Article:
• Dorothea, intent on self-imolation on the alter of martyrdom MARRIES Casuabon. WHY??? He is a cold, cold amphibian. In my head, he alternates between:




  • Lydgate is in love with Rosamund. I have BAD BAD feelings about this. I think Rosamund is a spoilt selfish little you-know-what… but she hides it well.


well, maybe not SO well…

Sadly, it may be too late by the time Lydgate works it out. Lydgate, too, is pretty dang cool:


Rosamond & Tertius Lydgate

Look at her: she TOTALLY thinks she is all that AND a bag of potato chips…


“Mr. Lydgate had the medical accomplishment of looking perfectly grave whatever nonsense was talked to him, and his dark steady eyes gave him impressiveness as a listener.”


I leave you with Best-quotey-bits of Book 1…it is by no means complete – but I had to stop @ 6….


“Life isn’t cast in a mould—not cut out by rule and line, and that sort of thing.”


“She says, he is a great soul.—A great bladder for dried peas to rattle in!” said Mrs. Cadwallader.

“What business has an old bachelor like that to marry?” said Sir James. “He has one foot in the grave.”

“He means to draw it out again, I suppose.”


“These charitable people never know vinegar from wine till they have swallowed it and got the colic.”


“Poor Mr. Casaubon had imagined that his long studious bachelorhood had stored up for him a compound interest of enjoyment, and that large drafts on his affections would not fail to be honored; for we all of us, grave or light, get our thoughts entangled in metaphors, and act fatally on the strength of them.”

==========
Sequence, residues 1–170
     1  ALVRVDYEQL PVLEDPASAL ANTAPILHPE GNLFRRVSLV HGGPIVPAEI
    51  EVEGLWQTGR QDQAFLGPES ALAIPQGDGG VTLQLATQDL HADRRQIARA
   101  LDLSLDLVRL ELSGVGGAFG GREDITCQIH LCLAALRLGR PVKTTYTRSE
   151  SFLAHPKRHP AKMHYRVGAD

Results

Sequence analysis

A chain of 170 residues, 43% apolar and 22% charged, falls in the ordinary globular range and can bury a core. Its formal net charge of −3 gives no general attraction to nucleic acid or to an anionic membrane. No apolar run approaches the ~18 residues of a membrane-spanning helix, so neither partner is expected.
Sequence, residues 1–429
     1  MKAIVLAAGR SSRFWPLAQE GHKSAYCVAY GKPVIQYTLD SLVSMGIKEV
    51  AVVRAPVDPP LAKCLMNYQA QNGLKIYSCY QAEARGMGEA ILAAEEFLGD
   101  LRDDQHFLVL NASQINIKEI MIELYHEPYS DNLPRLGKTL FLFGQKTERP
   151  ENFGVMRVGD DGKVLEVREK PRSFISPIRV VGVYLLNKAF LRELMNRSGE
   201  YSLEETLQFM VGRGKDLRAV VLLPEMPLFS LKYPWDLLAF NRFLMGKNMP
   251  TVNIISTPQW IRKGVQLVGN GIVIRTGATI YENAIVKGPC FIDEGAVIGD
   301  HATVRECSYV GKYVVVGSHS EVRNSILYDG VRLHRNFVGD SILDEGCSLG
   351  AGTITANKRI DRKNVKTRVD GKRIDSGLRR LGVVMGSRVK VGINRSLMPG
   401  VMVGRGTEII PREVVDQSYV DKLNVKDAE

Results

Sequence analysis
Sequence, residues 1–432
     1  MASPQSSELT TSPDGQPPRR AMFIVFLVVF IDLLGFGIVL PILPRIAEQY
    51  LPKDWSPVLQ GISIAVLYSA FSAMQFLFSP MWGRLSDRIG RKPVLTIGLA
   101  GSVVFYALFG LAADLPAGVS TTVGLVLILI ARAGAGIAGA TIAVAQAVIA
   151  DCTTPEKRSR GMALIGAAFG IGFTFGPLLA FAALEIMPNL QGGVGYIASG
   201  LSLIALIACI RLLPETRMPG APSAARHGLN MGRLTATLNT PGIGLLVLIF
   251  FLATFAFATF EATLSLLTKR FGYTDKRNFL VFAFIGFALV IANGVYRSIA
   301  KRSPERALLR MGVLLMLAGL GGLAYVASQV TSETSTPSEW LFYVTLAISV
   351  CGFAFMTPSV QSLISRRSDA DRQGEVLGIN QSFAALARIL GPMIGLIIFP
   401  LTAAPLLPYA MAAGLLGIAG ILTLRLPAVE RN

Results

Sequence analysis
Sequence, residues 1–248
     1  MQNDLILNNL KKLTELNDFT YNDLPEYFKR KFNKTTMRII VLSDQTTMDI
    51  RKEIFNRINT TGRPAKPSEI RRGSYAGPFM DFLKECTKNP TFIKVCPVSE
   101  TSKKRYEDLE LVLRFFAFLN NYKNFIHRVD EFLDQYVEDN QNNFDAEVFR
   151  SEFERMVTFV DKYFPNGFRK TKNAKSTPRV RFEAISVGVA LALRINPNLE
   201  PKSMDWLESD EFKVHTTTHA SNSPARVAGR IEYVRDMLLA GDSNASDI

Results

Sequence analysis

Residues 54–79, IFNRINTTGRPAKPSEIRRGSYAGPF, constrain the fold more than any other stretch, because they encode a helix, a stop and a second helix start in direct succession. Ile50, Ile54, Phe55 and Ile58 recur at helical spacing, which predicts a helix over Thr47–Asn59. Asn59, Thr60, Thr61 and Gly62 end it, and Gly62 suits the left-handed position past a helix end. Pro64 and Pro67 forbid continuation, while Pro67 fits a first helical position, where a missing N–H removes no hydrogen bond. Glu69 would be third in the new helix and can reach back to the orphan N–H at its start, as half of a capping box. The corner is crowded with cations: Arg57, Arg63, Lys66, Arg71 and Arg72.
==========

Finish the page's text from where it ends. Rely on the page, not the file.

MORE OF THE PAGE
“The remark was taken up by Mr. Chichely, a middle-aged bachelor and coursing celebrity, who had a complexion something like an Easter egg, a few hairs carefully arranged, and a carriage implying the consciousness of a distinguished appearance.”


“In short, woman was a problem which, since Mr. Brooke’s mind felt blank before it, could be hardly less complicated than the revolutions of an irregular solid.”



Valancy: currently making friendship bracelets for Dorothea and Celia…cos they are my FAVOURITES


NEXT: Book 2: Old and Young; if you’d like to join in…Please Do!

Header Image: Portrait of George Eliot, by: I HAVE NO IDEA – I can’t find a credit for it anywhere — but it was too beautiful not to use. If anyone knows, let me know! Other Middlemarch Illustrations: 1910 edition, New York, Jenson Society

11 thoughts on “Classic Review: Middlemarch, George Eliot (or venturing into provincial life…)

  1. I don’t know, Ms Valancy, I’m in a rotten reading mood, compounded by the world around me, but you tempt me, o terrible temptress you!

    (Not under a rock, only raised on the Spanish/Latin American classics–an different barrel of fish altogether)

    Liked by 2 people

    1. Ah…the Spanish/Latin American barrel of literary fish — that sounds VERY intriguing… (and the barrel reference totally reminds me of Cutthroat Island movie – Geena Davis/Matthew Modine – there’s this one scene where they pull this ENORMOUS eel out of a barrel – which also had part of a treasure map…) wait – what was I talking about again? Ooh – that’s right – if you delve into the barrel and want a read-a-long-person (*waves hand frantically*)
      PS: I am so sorry about the reading pit of despair…fingers crossed you land a GOOD one (see what I did there—heh !)

      Liked by 1 person